In an effort to mirror some of the animation systems that deFaria relied on at DreamWorks, Framestore was established as the hub. It housed all of animation/visual effects/editorial/show management, and on a single floor of the London building. “It was meant, ironically, to encourage the wonderful, creative synergy that comes from daily face-to-face contact, the ability for people to look over each other’s shoulder effortlessly, which is really beneficial,” he said. “But we’re trying to simulate it now. That’s the sort of funny journey we’re on. We’re making choices here about how to organize meetings, who’s to be involved, what function the conference call or video conference now serves, and how we share media in some way or form to recapture the creative spirit that defined the show for the last six months.”

For Michael Eames, Framestore’s animation director, they were prepared for the possibility of a “work-from-home” scenario and responded quickly to put necessary solutions in place. “Some folks were able to work immediately via company-encrypted laptops using VPN for a number of administration tasks,” he said. “However, setting up the artists to work remotely from their machines at Framestore and within a completely secure network was always going to be a bit more challenging and time-consuming. Once the decision was made, specialist hardware and software, including Teradici and HPRGS (virtual desktop systems), was shipped to each employees’ home over a one-week period, and, by the second week, almost all of the teams were up and running.”

Eames oversees three teams of animators, two in London and one in Montreal. When fully ramped up, they’ll have around 120 animators, with the goal of being true to the 3D medium while maintaining the look and spirit of the 2D cartoons from the ’40s and ’50s. “The character builds began in March 2019, and prep for the shoot started around the same time,” he added. “We had a team of story artists working to develop ideas prior to shooting in July, and we’ve continued with that team working to overlay drawings of the characters and their antics to assist the editorial process. At the point COVID-19 hit, we had nearly completed our shot turnover to Framestore’s animation department, so animation was just starting to come through.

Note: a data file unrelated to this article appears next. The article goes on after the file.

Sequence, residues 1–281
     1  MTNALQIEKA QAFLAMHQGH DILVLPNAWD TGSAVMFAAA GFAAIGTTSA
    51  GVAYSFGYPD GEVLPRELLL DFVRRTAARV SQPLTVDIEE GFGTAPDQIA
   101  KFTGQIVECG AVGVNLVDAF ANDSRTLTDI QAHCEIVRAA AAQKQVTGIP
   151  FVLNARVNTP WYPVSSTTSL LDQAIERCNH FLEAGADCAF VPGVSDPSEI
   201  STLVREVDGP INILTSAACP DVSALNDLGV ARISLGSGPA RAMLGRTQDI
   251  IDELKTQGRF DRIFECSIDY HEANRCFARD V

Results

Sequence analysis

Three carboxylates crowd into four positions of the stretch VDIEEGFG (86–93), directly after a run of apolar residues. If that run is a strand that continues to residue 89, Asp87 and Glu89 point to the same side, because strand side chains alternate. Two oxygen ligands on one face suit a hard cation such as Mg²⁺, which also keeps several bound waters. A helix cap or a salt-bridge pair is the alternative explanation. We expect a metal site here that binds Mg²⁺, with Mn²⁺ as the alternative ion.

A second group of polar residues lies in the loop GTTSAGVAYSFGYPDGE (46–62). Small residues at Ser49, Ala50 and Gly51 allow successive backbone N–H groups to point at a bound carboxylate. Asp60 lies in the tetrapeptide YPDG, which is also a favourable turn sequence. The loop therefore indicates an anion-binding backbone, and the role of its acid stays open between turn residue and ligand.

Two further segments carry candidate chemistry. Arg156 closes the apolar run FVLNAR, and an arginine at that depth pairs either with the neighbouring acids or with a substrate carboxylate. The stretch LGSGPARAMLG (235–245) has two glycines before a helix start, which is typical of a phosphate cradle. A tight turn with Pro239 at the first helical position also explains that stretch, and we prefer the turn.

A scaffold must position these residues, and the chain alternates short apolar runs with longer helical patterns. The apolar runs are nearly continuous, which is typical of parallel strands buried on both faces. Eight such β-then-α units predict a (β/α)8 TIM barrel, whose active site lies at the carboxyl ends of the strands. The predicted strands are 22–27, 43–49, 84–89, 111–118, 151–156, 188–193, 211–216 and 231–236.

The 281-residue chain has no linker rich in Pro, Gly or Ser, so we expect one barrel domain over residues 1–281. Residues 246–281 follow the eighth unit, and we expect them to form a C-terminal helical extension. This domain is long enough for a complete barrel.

“Supervising the animation for myself and the team can all be effectively done over Framestore’s secure network using their own proprietary software to run fully interactive, real-time review sessions. In fact, it’s perfectly normal for us to conduct reviews in this way, although the production support we tend to rely on to follow up on notes and push through large quantities of work obviously can’t be as efficient.”

Michael Eames, Framestore Animation Director

Michael Eames, Framestore Animation Director

Framestore

DeFaria admitted that animation productivity has fallen off measurably by 20 to 25 percent. “We’re very deliberately measuring our progress, reevaluating the hours and weeks that it takes to complete a task, whether it’s a character foot of animation or a preliminary storyboard pass,” he added.  “We believe we can absorb that [fall off]. Our job right now is to keep it at that level, but our partners at Framestore play a big role in this.”

The final finishing, though, is going to come down to two things that are difficult in this environment: consensus and precision. Consensus in that the studio and the filmmakers have to arrive at a decision that the movie is indeed done. And the finishing on a scoring stage, a sound-mixing stage, or a color-timing bay, must be calibrated for precision. That’s more problematic to do remotely with social distancing.

“Inevitably, we’re going to come up with some new systems, as we have in the animation and editing, to work remotely,” deFaria said. “Maybe it’s some new distribution of calibrated monitors for color timing, maybe it’s some isolation for scoring. But we are going to rely on innovation to stick through this.”